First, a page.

The Keep

By: Jennifer Egan
Published by: Knopf, 2006

You're following the story of a wired New York hipster stuck in a medieval castle in "mittel Europe." He's visiting a cousin he tried to kill years ago by shutting him up in a cave. The cousin is now disgustingly wealthy, and the hipster is pretty much a loser. The cousin (Howie) is going to turn the castle into a new-agey, get away from it all kind of hotel, if he can just get rid of the weird, ancient countess and finalize the renovations. And Danny (the hipster) is there to help, in some unexplained way.

Wait. You're actually following the story of Ray, the prison lifer who is writing about the New York hipster. The prison lifer is trying to impress his teacher, who doesn't seem to have much time for him. He's a hard case, but he is working doggedly to do something to make this woman look at him with a little respect.

Nope, hang on, the whole thing has really been the truth, and the story that matters is the one about the Holly, the teacher, who is actually a sad case herself, an ex-junkie, married to an active user, mother of three (only two living, one was born a meth addict). And this teacher has actually fallen for the con.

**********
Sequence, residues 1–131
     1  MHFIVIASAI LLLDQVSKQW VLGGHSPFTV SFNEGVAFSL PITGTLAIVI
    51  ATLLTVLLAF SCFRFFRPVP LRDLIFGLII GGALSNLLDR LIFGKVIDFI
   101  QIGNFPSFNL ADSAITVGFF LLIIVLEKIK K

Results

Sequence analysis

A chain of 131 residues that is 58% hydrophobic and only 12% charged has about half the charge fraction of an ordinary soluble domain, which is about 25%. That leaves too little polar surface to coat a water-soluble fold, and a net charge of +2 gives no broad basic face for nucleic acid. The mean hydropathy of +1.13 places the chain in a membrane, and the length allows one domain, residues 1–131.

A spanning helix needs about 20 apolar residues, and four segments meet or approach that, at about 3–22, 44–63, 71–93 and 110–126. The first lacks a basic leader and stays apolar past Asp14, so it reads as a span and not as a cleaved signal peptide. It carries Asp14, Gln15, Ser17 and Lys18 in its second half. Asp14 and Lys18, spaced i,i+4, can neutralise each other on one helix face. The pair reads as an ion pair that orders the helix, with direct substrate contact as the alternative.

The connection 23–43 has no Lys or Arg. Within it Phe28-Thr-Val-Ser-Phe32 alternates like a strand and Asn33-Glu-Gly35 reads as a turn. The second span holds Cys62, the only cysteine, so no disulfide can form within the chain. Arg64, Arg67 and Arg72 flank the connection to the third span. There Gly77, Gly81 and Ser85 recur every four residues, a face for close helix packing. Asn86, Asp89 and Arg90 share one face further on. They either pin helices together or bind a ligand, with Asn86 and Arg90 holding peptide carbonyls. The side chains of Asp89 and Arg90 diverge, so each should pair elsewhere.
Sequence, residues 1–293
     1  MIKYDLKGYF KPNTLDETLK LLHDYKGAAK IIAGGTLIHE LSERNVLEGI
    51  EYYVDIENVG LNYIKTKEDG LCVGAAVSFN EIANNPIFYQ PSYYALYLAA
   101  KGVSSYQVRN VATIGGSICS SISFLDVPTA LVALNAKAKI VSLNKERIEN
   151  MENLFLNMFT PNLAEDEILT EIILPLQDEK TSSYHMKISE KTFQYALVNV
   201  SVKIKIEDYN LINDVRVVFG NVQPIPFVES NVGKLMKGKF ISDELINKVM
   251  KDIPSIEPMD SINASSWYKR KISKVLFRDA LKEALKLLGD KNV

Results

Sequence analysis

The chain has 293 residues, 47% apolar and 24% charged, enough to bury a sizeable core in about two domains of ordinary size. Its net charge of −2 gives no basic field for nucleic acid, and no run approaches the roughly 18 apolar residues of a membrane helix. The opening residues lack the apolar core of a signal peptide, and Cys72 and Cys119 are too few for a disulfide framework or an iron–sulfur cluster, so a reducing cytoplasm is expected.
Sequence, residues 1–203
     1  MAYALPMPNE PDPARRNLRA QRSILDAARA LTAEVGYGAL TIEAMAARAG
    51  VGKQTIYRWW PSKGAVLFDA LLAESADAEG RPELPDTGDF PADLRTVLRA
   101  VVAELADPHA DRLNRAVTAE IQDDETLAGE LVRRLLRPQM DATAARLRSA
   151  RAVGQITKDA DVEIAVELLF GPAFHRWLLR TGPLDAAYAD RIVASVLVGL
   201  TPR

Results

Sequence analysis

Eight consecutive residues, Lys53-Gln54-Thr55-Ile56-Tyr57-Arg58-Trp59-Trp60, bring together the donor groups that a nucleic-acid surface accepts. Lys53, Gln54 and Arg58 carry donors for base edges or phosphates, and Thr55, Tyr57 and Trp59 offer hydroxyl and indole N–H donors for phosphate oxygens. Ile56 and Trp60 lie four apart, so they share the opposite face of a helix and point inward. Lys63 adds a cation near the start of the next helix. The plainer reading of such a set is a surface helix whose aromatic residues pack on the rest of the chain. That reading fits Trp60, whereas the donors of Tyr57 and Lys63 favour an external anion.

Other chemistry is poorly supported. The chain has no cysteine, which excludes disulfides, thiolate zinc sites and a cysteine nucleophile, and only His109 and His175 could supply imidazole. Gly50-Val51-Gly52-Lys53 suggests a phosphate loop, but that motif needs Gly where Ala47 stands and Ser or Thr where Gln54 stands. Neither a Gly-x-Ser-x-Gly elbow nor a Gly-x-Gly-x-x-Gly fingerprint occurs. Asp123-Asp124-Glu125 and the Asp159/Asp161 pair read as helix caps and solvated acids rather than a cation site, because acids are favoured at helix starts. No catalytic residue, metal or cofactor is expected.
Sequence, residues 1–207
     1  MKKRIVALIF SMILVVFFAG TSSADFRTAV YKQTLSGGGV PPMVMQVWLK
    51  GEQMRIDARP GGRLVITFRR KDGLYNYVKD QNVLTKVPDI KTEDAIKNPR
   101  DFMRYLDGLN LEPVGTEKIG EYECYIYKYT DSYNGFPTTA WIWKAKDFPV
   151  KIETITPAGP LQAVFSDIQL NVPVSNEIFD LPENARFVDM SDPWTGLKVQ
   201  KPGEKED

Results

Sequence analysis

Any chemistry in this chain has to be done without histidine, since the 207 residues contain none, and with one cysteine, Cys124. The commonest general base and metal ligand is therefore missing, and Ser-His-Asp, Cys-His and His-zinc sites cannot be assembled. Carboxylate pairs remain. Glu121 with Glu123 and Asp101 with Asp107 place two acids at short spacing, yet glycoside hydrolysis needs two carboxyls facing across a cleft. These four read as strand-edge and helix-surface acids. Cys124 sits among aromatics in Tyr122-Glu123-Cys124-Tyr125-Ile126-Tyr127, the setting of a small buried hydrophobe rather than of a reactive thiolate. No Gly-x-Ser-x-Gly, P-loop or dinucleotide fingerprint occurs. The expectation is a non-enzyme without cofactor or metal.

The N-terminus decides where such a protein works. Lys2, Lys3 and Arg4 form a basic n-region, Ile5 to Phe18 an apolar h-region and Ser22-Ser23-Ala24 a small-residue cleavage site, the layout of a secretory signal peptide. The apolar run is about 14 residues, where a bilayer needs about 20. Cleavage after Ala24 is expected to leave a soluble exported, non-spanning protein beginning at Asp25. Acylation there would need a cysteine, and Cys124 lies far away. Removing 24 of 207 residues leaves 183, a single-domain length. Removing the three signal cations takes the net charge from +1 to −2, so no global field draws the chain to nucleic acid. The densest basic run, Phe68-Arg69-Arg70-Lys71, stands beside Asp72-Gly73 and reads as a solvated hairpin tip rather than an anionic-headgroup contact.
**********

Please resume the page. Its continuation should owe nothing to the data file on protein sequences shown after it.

And there's more: the goings-on at the castle are more than a little spooky: the impenetrable keep, beneath which tangle dark, unmapped tunnels; the haunted swimming pool where two little children mysteriously drowned; the withered countess who is as old as the castle, but somehow can appear young and lithe and untouched by time.

Jennifer Egan has created a story within a story within a story - each one a little more distressing than the one wrapped around it, like weeping matrioshka dolls. She deliberately adopts an unschooled voice for Ray's story about Danny (Ray, the inmate, writes about Danny, the murderous cousin)that changes slightly but subtly when Ray tells his own story about his prison life and his attempts to write. Finally, the voice shifts to the sad, anxious, but more polished delivery of Holly, looking for redemption inside a prison classroom.

The mood as well as the characters all ring true, even up against the slightly supernatural backdrop, and Egan paints with the oddly chosen colors of those not quite in touch with reality, whether due to drugs, blows to the head, stabbings or gunshot wounds. The odd juxtaposition of Danny's passion for all things telecommunications-related (he seems to detect WiFi with his very bones, and craves a cell phone the way his creator's teacher still craves meth)only makes the drugged quality of much of the action all the more pronounced. Finishing the book is a bit like sobering up after an afternoon spent sipping wine on the beach. You had no idea just how tipsy you'd become.


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